“I don’t think it’s what you think it is,” the hospital technician had said, but Sarah insisted on the tests.
Sarah tells me about how the family huddled in the waiting room while the doctor performed a spinal tap and bone marrow aspiration on her baby. She’d had plenty of time to convince herself that maybe it was anemia, or perhaps toxoplasmosis. Instead, she was told the following words: B-cell acute lymphoblastic leukemia.
Recalling all of this, Sarah’s voice starts to waver. Phoebe, who has been nonchalantly playing a few feet away, glances up protectively. “Don’t cry, Mama,” Phoebe says.
“I know, I know,” Sarah says, trying to smile. “She hates it when I cry.”
Acute lymphoblastic leukemia, or ALL, is most common in childhood. More than 80 percent of children with ALL between ages 1 to 10 go on to make a full recovery. “I always say we’re on the good end of a crap stick,” Ken jokes.
Laughter – and maintaining a sense of normalcy – have been key for the family during the past year. Phoebe’s eight-year-old brother, Jack, is sitting and reading a book for school. An impressive collection of DVDs are on display next to the television in the living room, there is a pile of shoes by the door, and the walls are adorned in family photographs. “She used to have a lot of hair,” Sarah says, wistfully tapping an old picture of Phoebe hanging along the staircase. In the photo, Phoebe is lying on her back, her long strawberry mane flowing out of the frame.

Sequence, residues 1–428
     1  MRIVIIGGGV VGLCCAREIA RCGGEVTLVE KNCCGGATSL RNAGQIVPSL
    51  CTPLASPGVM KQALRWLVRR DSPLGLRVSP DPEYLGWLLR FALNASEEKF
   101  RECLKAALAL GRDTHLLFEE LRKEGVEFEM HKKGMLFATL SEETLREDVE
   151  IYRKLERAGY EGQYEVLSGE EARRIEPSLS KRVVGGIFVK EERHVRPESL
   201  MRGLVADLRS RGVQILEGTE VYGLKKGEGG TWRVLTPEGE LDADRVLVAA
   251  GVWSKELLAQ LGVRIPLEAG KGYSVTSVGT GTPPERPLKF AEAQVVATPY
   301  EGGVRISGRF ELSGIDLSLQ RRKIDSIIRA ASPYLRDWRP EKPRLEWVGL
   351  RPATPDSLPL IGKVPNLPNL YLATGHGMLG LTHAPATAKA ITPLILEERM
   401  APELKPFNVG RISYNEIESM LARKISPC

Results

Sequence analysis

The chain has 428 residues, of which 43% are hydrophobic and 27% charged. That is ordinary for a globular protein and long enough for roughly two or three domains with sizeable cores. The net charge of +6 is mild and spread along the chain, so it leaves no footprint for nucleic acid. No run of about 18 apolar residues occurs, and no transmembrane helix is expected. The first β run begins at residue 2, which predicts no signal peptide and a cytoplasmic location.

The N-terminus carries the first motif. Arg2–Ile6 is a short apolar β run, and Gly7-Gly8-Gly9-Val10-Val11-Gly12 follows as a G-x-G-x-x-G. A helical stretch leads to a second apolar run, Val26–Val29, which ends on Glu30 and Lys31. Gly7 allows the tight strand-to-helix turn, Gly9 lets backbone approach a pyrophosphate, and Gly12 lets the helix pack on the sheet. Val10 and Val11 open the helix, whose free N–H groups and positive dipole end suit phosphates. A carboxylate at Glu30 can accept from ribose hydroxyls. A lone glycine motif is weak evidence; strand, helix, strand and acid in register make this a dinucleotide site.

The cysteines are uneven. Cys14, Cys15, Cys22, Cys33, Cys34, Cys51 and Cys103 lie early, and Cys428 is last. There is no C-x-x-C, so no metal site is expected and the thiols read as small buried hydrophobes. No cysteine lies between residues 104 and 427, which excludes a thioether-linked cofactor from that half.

“I think I’m pretty and I don’t need to get out the knots every morning,” Phoebe says of her hair loss in a video uploaded to her Facebook page in June. “But I do want to wear bows in my hair again.”
Phoebe began chemotherapy as soon as she received her diagnosis. She swallows pills every day, endures spinal taps every 29 days, and undergoes a week of steroids every month. Somehow, this doesn’t deter her from focusing on her kindergarten studies, riding ziplines, catching Pokemon, and even raising money for other children with cancer. Research and awareness for pediatric cancer are remarkably low – The National Cancer Institute, which is funded by taxpayers, allots a mere 4 percent of its annual budget to childhood cancer. Last May, the busy chef hosted her first jewelry party, raising $600 for the Pediatric Cancer Foundation and Angel 34.
Phoebe will remain on chemotherapy until December 20, 2017. She is currently on maintenance therapy, technically in remission. The odds are high that there will be many rainbow-colored hair bows in Phoebe’s future, and the only thing brighter than that news is her smile.
So, if you’re down and out, need to smile, or want to be inspired, Phoebe is your girl. A child who clearly will not let her illness define her, she loves to bring joy to the lives of others. To watch Phoebe’s Cooking Show, follow Phoebe’s journey and find ways to support pediatric cancer, visit facebook.com/friendsofphoebe.